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December 2018

December 28, 2018

Strengthening the Macro-Fiscal Function in Ministries of Finance

Posted by Israel Fainboim and Ian Lienert[1]

Conducting sound fiscal policy requires a strategic vision that anchors the annual budget in a medium-term perspective. Whatever the level of a country’s development, the ministry of finance (MoF) needs a department or unit with strong macro-fiscal analytical capacity. A new IMF Technical Note and Manual (TNM) provides guidance for strengthening this critically important function which underpins good fiscal policy and budget systems.

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December 26, 2018

Fiscal Rules and PFM in Resource-Rich Developing Countries

Posted by Fazeer Sheik Rahim and Richard Allen[1]

Several low-income countries in Africa are gearing up to become significant resource exporters in coming years. These include Liberia, Mozambique, Sierra Leone, Tanzania, and Uganda. Many are taking steps to enhance their fiscal framework to better manage their resource wealth. Uganda, for example, has set up a Petroleum Fund to finance infrastructure and development, and is considering a fiscal rule based on a nonoil fiscal balance. Similarly, Tanzania envisages the creation of an Oil and Gas Fund, and setting its fiscal objectives based on a non-resource balance target.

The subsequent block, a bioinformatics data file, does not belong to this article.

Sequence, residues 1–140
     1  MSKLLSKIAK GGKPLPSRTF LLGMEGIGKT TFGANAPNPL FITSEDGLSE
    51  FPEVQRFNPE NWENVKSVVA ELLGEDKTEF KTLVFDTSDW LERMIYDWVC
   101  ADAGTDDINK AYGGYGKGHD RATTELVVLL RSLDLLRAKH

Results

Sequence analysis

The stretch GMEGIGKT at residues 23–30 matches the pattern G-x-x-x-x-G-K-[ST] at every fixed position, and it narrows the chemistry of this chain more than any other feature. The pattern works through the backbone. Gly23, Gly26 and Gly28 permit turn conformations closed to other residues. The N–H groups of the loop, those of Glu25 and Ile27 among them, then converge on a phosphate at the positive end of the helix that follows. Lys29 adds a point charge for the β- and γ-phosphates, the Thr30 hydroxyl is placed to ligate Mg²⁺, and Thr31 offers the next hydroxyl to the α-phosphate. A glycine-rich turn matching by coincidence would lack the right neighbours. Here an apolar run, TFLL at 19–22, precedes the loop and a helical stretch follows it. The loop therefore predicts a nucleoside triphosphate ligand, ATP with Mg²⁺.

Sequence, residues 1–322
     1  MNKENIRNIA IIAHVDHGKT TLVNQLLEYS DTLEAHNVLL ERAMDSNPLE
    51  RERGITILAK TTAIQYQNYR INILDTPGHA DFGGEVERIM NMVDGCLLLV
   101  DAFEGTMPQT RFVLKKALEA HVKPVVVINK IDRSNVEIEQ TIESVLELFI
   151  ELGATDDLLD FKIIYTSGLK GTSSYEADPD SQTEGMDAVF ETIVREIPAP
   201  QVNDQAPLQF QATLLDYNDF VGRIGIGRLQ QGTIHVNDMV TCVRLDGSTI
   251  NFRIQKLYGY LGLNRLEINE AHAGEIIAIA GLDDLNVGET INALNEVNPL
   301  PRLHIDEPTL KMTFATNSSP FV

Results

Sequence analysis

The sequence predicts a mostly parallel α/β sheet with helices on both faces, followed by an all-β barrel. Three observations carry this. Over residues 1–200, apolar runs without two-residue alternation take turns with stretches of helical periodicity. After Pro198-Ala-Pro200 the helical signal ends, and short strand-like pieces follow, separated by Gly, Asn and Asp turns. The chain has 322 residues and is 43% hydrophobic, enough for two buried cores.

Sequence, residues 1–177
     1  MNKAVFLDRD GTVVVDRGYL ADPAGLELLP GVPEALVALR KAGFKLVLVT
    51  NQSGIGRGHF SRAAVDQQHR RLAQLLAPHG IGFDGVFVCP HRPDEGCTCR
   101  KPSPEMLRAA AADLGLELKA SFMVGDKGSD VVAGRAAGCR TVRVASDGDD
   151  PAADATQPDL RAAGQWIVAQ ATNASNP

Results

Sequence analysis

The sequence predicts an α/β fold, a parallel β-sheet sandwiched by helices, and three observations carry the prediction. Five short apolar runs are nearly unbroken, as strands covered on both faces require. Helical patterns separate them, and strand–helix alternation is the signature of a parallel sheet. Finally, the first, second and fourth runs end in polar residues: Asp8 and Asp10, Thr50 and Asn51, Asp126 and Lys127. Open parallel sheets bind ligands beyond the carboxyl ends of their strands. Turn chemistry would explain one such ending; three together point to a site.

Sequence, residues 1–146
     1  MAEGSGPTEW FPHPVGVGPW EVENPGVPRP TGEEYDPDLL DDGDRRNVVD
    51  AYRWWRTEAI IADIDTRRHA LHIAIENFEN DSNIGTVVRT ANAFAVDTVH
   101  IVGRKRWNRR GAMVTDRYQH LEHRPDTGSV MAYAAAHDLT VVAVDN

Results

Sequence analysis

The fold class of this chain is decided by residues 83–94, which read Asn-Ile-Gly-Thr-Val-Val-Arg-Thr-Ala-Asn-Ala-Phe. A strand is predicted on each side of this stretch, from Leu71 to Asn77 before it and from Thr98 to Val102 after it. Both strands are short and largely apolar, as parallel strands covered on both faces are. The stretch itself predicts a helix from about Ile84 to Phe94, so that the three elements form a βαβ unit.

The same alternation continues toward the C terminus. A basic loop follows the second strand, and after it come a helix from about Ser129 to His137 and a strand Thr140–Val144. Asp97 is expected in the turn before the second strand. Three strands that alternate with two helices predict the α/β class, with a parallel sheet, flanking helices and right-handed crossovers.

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December 21, 2018

Making Public Investment in Brazil More Efficient

By Teresa Curristine1 and Joana Pereira2

Brazil continues to face massive infrastructure needs, notwithstanding decades of government-led national, regional, and local investment initiatives. With a large and growing economy of over 200 million people and a vast territory of 27 diverse states, infrastructure needs to help Brazil achieve its economic growth potential are particularly critical in the transport sector (including ports, rail, and roads). At the same time, Brazil also continues to face large social infrastructure investment needs, including, for example, in health.